I’ve had dogs my whole life. I’ve trained them, even showed one when I was in my high school years. So I’ve been around dogs most of my life. Two years ago, my son (23 at the time) came home with a puppy he had found on the side of the road, one he had almost run over. As puppies go, this one was cute, even compared to other puppies. We did our customary vet visit to make sure he was OK and brought him into the house. At the time, we thought he was a Husky and German Shepard mix. But almost immediately, we noticed a difference about this little guy. He liked to bite, first of all. He was young, too. Possibly not even weaned yet.
We worked on the biting, making sure he knew that was not a game we wanted to play. I had learned that you have to teach them bite inhibition early before they are three months old, otherwise, they will bite when they’re older, too, but not realize the strength of their bite. He got better with a lot of work.
We notice oddities
But there were some other behaviors that were odd. First of all, he liked to talk back. As we gently trained him, he was fine when he wanted to do something you were asking, but as soon as he no longer wanted to behave, he would snap and growl at you. He was talking back. Worse, if you tried to correct him in this mood, he would get flat out aggressive. He wasn’t even ten pounds at this point, so it was easy to control, but I had a vision of a full-grown Husky acting like this – we had to get control of the situation. We started to use positive methods with him, and it started to work – mostly. He still is the only dog I’ve ever had who really doesn’t seem to care if he pleases you.
Then there is the eating. He was/is finicky, to say the least. Some days he wouldn’t eat. Others, he would eat some, but only if you hand fed him. Still others, he would guard his food bowl against you after he had eaten. There was no rhyme or reason to his moods. I did a little research on his behaviors and noticed a fair amount of Husky owners reporting similar problems. Turns out, most of his issues were standard Husky problems. We had to get a harness for him because he would fight so violently against a standard training collar. He was going to hurt himself. We continued by attempting positive feedback training because correcting him simply made him aggressive. He began to really be a challenge on some days. He demanded constant attention. If he didn’t get prompt attention, he started eating his own tail. Husky owners call it, “becoming a hairdresser.”
If we forget to take his harness off when we put him in his “bed,” a dog crate that he loves, he eats the harness. We’re on our third and have a back up “just in case” we forget one night.
We have cats – if they run, prey drive kicks in and he gives chase. If they bring out a toy, he stuffs it in his mouth like a child who’s been told they can’t have any more cookies. And then pukes it up some hours later – his record is 8 hours. Conversely, he snuggles with one of the older cats. He even uses her as a pillow.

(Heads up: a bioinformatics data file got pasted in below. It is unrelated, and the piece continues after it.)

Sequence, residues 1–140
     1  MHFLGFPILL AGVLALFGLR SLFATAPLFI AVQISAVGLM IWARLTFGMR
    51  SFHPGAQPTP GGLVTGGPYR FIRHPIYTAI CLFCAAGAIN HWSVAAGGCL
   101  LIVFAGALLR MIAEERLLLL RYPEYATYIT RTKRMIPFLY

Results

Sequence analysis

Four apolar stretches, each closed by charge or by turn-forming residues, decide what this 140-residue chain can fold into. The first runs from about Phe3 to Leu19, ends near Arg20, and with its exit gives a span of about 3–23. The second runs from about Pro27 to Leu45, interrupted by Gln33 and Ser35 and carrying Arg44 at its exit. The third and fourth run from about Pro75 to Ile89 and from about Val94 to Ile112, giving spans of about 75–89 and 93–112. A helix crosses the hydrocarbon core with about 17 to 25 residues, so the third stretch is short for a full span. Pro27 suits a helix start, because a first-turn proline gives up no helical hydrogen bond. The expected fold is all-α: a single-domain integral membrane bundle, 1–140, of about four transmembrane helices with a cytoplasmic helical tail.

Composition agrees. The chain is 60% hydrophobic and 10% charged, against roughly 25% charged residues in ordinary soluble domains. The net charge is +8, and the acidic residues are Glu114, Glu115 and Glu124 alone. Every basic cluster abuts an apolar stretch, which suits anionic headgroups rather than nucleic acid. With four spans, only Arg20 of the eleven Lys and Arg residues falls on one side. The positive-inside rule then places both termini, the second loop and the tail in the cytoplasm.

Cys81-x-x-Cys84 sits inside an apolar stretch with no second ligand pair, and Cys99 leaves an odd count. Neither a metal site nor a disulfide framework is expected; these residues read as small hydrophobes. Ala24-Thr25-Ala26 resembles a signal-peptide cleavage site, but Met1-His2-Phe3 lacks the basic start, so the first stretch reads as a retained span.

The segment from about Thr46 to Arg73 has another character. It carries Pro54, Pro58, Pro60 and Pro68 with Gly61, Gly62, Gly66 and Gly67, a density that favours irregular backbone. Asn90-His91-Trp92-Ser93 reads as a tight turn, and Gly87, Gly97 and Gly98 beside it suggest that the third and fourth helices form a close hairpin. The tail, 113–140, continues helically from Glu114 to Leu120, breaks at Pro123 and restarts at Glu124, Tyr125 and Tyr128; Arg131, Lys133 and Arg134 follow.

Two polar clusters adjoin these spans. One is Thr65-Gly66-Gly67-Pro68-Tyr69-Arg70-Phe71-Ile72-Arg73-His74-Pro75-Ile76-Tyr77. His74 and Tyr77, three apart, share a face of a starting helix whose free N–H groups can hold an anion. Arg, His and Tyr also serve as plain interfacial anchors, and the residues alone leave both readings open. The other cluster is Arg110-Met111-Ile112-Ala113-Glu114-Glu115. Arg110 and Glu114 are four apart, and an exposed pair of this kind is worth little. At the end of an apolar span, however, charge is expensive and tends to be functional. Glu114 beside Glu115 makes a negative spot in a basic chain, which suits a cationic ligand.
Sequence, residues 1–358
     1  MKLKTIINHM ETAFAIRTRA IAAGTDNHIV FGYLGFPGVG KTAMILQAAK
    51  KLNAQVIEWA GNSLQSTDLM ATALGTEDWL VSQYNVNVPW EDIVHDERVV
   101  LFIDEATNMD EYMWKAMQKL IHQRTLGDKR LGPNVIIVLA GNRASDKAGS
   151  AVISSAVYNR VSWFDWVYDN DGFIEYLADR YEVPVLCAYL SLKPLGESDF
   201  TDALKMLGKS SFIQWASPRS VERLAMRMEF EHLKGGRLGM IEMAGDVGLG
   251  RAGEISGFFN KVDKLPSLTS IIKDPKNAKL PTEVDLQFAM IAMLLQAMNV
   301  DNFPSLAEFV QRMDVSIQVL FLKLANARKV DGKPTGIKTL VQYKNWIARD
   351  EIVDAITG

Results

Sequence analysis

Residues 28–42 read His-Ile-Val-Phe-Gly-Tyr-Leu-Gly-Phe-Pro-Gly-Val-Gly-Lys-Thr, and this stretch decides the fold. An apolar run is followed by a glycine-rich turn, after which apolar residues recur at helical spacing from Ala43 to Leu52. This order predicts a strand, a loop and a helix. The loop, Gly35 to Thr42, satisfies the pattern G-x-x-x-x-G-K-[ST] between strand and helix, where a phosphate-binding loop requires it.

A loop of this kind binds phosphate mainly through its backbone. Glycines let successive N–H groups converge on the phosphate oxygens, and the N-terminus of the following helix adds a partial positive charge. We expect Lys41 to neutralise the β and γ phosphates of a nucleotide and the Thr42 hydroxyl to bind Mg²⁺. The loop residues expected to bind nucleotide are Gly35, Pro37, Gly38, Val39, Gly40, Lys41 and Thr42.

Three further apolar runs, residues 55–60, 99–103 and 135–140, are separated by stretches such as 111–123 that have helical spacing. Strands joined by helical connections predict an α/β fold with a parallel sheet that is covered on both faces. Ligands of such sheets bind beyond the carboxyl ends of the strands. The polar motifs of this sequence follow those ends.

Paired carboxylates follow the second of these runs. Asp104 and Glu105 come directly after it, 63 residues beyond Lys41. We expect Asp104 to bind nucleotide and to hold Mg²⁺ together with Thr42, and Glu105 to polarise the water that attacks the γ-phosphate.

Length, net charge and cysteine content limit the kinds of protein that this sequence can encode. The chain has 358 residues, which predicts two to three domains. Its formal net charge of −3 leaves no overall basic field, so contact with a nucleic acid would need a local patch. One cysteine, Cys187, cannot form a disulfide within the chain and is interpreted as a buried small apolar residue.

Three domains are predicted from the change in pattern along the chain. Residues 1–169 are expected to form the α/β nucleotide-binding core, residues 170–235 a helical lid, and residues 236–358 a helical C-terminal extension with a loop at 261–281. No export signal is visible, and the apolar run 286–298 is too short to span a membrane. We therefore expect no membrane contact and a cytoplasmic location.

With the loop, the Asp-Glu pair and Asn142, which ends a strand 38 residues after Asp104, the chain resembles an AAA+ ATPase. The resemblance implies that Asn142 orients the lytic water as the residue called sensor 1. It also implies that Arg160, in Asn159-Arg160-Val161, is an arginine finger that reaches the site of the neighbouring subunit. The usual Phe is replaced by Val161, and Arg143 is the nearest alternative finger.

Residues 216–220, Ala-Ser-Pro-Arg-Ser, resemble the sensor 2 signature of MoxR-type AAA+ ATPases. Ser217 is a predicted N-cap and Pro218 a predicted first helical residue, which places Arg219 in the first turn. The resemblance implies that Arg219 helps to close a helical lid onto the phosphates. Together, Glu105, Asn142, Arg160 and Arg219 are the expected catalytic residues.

Do sled dogs sunbathe?
As we went into summer, we noticed him enjoying the hot weather. Odd for something that was clearly a sled dog. We took to taking him outside every single day at around the same time. Letting him play on a long lead seemed to calm him down. At this point, he clearly had more energy than my wife and I. And is standard fashion, while the child had brought him home and wanted to keep him, he was never around to help in the duties. I did more research on Huskies and found that Texas Huskies can handle the heat, but only if they’re born in Texas – very strange. But if you brought a dog from north to Texas, they really struggled in the heat. I remember reading that as I watched this little guy stretched out in the sun in 100-degree heat, sleeping, sunbathing for lack of a better description.
About this time, we grabbed one of the Wisdom Panel DNA tests. We had to figure out what he was to know best how to keep him under control. The test came back surprising. 37% Husky. We knew that. I was shocked it was only 37%. 25% Alaskan Malamute, 12.5% each German Shorthaired Pointer, Chow Chow, and Rottweiler. Not a lick of German Shepherd. That actually made sense, and the Chow Chow accounted for some of his more devious behaviors. Although the most challenging of his behaviors are definitely Husky-induced. He would and will, chase anything that he sees as prey. Huskies have the highest pray drive of any dog, and most trainers recommend never letting them off a lead. I can attest to this. We have a long lead that he gets put on when we take him in the backyard. If there are deer in the yard, he goes crazy, but not in a barking dog normal way. He jumps like a gazelle and wants to run off to join them, I think he thinks they’re his true family and he wants to be part of the pack.